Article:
NYU’s Stern School of Business has released its MBA admissions essays and deadlines for the Class of 2014. Here they are, followed by our comments in italics:
NYU Stern Admissions Deadlines
Round 1: November 15, 2011
Round 2: January 15, 2012
Round 3: March 15, 2012
These deadlines are identical to last year’s. Note that, unlike many other top business schools, Stern has kept its Round 1 admissions deadline firmly in the middle of November. The good news for you is that, if you’re applying to Stern along with a few other schools in Round 1, this gives you a chance to get those ones done in October, catch your breath, and then give your Stern application your undivided attention. The downside is that Stern won’t notify Round 1 applicants until as late as February 15, 2011, so you will have to make choices about your Round 2 applications (which mostly have January deadlines) before you receive your final decision from Stern.
NYU Stern Admissions Essays
- Think about the decisions you have made in your life. Answer the following (750 words):
(a) What choices have you made that led you to your current position?
(b) Why pursue an MBA at this point in your life?
(c) What is your career goal upon graduation from NYU Stern? What is your long-term career goal?
This question carries over from last year with only the slightest tweak in wording. What we think makes this question unique vs. other schools’ “Why an MBA?” questions is Stern’s emphasis on the choices you’ve made up until now. Be sure to answer that part of the question — you shouldn’t simply write about what you’ve done up until now, but also explain why you did those things and made those choices. Stern provides some useful admissions tips on its essay page, including podcasts to help you clarify your story. These are great resources for any Stern applicant.
- We take great care to shape the Stern community with individuals who possess both intellectual and interpersonal strengths. We seek individuals who are highly intelligent, collaborative and committed to flourishing as Stern leaders. Please answer the following questions (500 words):
(a) What is your personal experience with the Stern community? Tell us what actions you have taken to learn about us.
(b) Describe what most excites you about Stern from both an academic and extracurricular perspective.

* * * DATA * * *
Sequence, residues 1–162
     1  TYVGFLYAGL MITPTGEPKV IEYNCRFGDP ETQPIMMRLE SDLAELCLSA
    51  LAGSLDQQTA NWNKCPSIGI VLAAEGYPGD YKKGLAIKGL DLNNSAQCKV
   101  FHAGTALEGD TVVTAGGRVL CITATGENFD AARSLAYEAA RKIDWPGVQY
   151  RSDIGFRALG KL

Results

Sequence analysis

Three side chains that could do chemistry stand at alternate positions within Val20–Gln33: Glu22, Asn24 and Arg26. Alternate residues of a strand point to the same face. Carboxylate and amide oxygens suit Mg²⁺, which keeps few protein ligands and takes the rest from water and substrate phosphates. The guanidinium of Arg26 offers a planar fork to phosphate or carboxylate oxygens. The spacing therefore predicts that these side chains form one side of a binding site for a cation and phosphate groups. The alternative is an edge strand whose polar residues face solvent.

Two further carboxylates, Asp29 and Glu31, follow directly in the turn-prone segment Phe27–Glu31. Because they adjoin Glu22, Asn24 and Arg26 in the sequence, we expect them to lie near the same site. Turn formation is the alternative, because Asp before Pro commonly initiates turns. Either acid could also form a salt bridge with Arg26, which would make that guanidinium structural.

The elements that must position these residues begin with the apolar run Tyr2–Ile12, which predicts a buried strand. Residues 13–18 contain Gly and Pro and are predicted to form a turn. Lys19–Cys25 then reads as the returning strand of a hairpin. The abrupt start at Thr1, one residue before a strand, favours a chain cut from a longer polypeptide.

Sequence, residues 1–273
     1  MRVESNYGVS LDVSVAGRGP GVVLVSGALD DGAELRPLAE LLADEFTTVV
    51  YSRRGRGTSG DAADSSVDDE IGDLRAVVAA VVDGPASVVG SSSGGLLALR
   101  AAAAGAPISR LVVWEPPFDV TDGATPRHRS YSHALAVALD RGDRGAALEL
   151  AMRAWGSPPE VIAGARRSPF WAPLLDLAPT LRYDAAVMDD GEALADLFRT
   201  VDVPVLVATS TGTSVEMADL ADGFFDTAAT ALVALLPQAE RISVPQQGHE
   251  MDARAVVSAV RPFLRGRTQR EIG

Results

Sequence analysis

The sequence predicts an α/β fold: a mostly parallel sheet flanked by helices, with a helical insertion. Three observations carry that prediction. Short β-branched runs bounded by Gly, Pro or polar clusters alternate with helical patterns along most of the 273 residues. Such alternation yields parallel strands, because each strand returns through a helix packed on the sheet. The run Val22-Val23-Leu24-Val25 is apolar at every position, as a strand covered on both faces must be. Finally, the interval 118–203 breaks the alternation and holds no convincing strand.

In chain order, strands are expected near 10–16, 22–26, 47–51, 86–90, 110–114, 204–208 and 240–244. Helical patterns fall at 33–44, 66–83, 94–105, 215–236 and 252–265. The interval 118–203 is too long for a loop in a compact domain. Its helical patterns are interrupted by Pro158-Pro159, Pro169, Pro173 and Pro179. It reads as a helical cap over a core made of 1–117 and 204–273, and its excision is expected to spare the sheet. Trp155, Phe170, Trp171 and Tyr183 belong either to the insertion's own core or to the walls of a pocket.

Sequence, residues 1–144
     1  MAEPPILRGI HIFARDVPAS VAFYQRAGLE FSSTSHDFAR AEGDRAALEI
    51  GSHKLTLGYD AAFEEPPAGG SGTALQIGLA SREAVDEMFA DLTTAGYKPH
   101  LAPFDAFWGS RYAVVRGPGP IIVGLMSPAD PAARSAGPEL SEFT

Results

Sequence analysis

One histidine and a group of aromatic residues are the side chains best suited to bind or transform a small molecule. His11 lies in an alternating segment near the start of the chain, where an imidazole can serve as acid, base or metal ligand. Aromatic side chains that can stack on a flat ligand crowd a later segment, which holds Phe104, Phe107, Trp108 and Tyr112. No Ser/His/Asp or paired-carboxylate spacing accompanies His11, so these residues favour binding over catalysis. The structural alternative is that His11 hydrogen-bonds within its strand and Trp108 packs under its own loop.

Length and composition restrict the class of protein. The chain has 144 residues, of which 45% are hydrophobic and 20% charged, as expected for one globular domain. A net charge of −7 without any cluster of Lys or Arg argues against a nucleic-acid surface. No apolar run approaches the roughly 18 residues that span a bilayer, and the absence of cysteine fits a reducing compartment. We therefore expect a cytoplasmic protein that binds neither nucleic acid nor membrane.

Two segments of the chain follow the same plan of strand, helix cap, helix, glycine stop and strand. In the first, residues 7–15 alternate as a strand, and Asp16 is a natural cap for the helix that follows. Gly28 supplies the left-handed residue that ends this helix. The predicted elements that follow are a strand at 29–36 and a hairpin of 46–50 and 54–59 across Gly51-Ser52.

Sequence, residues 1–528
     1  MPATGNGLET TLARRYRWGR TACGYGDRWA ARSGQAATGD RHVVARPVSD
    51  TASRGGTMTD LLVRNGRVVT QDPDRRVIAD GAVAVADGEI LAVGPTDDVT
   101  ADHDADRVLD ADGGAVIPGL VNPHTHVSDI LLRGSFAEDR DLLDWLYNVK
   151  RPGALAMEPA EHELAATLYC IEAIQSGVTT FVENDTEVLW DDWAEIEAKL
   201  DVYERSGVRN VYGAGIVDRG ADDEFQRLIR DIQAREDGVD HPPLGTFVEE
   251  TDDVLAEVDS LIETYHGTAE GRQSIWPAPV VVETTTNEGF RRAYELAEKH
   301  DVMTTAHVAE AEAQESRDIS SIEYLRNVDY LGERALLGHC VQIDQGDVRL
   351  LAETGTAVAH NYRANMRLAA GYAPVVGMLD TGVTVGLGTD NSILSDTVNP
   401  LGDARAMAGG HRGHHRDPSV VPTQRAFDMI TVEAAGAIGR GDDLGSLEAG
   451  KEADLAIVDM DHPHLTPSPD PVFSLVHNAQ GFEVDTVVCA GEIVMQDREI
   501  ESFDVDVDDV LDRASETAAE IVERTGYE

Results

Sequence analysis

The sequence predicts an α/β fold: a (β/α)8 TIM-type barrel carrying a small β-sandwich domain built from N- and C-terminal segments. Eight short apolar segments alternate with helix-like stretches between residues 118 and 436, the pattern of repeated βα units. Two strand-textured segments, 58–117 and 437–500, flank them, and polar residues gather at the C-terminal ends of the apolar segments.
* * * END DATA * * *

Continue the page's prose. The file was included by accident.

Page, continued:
(c) How do you anticipate making your mark on the Stern community? Be specific about the roles you will take on and the impact you hope to achieve.
This question also carries over unchanged from the 2010-2011 application season. Over the past several years this this question has evolved into a “Convince us that you’re passionate about Stern” essay prompt. Note the emphasis on specifics — don’t describe your knowledge of Stern in generalities or just copy language from the school’s web site. What do you know about NYU Stern that convinces you that it’s right right school for you, and that you’re the ideal Stern student? And how will you convince the admissions committee? Looking at this kind of essay question early in the process will hopefully provide the impetus you need to really do your homework.
- Please describe yourself to your MBA classmates. You may use almost any method to convey your message (e.g. words, illustrations). Feel free to be creative.
Stern has used this question for years, meaning that the admissions team must feel that it’s doing its job in terms of helping them get to know candidates. Like Booth (and previously Anderson before it got rid of its video question), Stern seeks new ways to learn about what makes you unique. The admissions office really does want to get to know the real you. Stern’s admissions officers are almost begging you to stand out here, which is a reminder about how you can make their job easier by helping them remember the real you. One other note: Just because this question allows you to use any medium, that doesn’t mean that you need to submit something other than the written word. If that’s your best medium, use it. “Being memorable” means more than just sending them something outrageous; the most effective submissions really are the ones that leave admissions officers feeling like they know you better. Finally, while this essay prompt truly is wide open in terms of what you can submit, note that there are a few parameters (e.g., nothing perishable!) that you nee to observe.
- (Optional) Please provide any additional information that you would like to bring to the attention of the Admissions Committee. This may include current or past gaps in employment, further explanation of your undergraduate record or self-reported academic transcript(s), plans to retake the GMAT, GRE and/or TOEFL or any other relevant information.
As we always advise our clients when it comes to optional essays, only use this essay if you need to explain a low undergraduate GPA or other potential blemish in your background. No need to harp on a minor weakness and sound like you’re making excuses when you don’t need any. If you don’t have anything else you need to tell the admissions office, it is entirely okay to skip this essay!